Lake Toba (Indonesian: Danau Toba) is a lake and supervolcano. The lake is 100 kilometres long, 30 kilometres wide, and up to 505 meters (1,666 ft) deep. Located in the middle of the northern part of the Indonesian island of Sumatra with a surface elevation of about 900 metres (2,953 ft). It is the largest lake in Indonesia and the largest volcanic lake in the World.
Lake Toba is the site of a massive supervolcanic eruption estimated at VEI 8 that occurred 69,000 to 77,000 years ago, representing a climate-changing event. It is the largest known explosive eruption on Earth in the last 25 million years. According to the Toba catastrophe theory, it had global consequences for human populations: it killed most humans living at that time and is believed to have created a population bottleneck in central east Africa and India, which affects the genetic make up of the human world-wide population to the present.
This hypothesis is not widely accepted because evidence is lacking for a decline or extinction of other animals, including species that are sensitive to changes in the environment. It has been accepted that the eruption of Toba led to a volcanic winter with a worldwide decrease in temperature between 3 to 5 °C (5.4 to 9.0 °F), and up to 15 °C (27 °F) in higher latitudes. Additional studies in Lake Malawi in East Africa show significant amounts of ash being deposited from the Toba eruptions, even at that great distance, but little indication of a significant climatic effect in East Africa.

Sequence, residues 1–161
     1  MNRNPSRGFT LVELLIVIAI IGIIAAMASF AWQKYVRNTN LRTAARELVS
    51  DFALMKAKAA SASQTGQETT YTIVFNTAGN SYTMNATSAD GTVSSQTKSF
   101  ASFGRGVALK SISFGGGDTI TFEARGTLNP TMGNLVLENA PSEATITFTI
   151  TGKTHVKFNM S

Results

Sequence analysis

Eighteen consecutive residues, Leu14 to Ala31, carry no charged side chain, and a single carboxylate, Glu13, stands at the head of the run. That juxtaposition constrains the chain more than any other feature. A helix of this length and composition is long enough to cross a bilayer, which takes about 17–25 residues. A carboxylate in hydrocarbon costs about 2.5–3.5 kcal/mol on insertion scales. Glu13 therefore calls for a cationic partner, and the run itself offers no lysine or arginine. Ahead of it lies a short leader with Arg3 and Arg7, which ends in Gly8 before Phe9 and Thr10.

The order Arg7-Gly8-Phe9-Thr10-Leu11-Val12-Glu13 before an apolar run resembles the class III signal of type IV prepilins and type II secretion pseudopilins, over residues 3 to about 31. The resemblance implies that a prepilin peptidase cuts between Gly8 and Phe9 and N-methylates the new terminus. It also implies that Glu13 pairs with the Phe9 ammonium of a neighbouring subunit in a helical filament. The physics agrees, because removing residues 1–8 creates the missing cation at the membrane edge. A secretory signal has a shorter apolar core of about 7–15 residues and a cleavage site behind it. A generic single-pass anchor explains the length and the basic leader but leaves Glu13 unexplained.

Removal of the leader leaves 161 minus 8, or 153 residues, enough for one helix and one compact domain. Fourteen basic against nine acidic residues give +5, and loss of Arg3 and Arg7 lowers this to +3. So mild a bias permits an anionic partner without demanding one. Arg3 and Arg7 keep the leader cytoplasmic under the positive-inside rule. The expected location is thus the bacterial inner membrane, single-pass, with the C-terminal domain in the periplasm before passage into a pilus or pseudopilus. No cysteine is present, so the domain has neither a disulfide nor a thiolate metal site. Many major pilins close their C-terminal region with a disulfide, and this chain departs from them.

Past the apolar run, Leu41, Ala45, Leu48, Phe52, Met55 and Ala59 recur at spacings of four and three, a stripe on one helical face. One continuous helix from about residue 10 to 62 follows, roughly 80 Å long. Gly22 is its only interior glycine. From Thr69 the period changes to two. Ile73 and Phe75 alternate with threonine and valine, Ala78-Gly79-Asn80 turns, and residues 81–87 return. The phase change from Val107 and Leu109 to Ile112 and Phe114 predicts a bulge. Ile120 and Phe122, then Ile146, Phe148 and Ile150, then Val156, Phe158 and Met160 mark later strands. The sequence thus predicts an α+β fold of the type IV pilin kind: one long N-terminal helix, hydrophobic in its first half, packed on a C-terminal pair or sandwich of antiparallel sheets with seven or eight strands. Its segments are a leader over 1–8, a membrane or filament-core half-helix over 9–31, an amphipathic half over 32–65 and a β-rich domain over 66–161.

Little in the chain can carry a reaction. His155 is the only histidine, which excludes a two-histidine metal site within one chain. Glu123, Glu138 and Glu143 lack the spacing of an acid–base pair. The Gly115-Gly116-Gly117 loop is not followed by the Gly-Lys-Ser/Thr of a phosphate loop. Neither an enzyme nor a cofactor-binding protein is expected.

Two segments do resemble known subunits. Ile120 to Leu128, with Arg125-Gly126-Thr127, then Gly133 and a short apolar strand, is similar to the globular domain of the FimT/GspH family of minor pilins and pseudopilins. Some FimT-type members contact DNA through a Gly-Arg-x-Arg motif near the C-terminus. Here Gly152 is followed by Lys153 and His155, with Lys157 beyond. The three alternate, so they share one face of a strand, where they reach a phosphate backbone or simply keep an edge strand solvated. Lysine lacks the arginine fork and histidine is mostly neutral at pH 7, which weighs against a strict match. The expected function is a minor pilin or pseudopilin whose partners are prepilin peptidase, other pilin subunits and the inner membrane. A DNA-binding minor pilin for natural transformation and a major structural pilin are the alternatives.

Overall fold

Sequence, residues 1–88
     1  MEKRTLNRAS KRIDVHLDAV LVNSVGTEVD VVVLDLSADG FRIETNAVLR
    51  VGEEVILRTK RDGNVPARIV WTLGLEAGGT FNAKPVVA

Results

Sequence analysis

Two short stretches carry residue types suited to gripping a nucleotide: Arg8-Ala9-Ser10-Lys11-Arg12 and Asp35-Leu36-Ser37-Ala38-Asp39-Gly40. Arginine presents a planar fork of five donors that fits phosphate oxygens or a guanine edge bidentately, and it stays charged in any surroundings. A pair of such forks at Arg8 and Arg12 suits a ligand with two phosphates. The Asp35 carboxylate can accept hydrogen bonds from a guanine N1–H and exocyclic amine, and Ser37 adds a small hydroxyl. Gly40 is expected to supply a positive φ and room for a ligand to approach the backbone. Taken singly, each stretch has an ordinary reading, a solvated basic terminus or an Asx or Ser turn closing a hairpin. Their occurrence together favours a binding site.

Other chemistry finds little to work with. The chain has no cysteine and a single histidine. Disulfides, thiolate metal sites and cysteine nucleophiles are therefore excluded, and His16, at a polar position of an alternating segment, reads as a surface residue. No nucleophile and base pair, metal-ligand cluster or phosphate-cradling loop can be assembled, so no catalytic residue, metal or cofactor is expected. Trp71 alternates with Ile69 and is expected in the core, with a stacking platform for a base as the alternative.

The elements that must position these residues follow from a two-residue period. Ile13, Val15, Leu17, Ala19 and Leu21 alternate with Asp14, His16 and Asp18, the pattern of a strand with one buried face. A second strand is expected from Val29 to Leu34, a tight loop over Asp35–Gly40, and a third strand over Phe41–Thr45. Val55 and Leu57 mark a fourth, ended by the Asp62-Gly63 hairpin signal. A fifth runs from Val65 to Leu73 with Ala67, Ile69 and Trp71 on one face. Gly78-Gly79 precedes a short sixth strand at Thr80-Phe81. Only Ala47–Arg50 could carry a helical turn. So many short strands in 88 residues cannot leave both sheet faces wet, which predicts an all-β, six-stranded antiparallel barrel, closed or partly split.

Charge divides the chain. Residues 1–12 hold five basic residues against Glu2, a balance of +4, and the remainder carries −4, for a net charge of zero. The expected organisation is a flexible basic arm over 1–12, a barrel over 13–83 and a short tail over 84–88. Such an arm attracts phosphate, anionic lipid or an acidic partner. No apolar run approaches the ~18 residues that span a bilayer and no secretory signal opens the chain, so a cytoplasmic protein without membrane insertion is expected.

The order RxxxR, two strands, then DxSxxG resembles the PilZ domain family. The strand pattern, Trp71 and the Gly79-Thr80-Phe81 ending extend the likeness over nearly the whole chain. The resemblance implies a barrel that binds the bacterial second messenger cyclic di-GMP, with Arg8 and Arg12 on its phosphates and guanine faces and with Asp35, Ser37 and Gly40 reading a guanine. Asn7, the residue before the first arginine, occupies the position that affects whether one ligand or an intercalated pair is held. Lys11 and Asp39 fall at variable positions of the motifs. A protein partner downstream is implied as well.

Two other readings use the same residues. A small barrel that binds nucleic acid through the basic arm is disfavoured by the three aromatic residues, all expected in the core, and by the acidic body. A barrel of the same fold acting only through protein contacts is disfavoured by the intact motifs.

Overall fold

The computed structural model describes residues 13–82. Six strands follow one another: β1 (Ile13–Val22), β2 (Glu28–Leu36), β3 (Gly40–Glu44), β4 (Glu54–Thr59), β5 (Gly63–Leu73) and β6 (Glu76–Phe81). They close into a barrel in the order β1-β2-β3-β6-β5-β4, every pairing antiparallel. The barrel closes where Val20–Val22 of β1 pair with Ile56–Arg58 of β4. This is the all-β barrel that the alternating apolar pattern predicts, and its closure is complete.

The Toba eruption (the Toba event) occurred at what is now Lake Toba about 67,500 to 75,500 years ago. It was the last in a series of at least three caldera-forming eruptions at this location, with earlier calderas having formed around 700,000 and 840,000 years ago. This last eruption had an estimated VEI 8, making it possibly the largest explosive volcanic eruption within the last 25 million years.
Bill Rose and Craig Chesner of Michigan Technological University have estimated that the total amount of material released in the eruption was about 2,800 km3 (670 cu mi)- about 2,000 km3 (480 cu mi) of ignimbrite that flowed over the ground, and approximately 800 km3 (190 cu mi) that fell as ash mostly to the west. The pyroclastic flows of the eruption destroyed an area of 20,000 km2 (7,722 sq mi), with ash deposits as thick as 600 m (1,969 ft) by the main vent.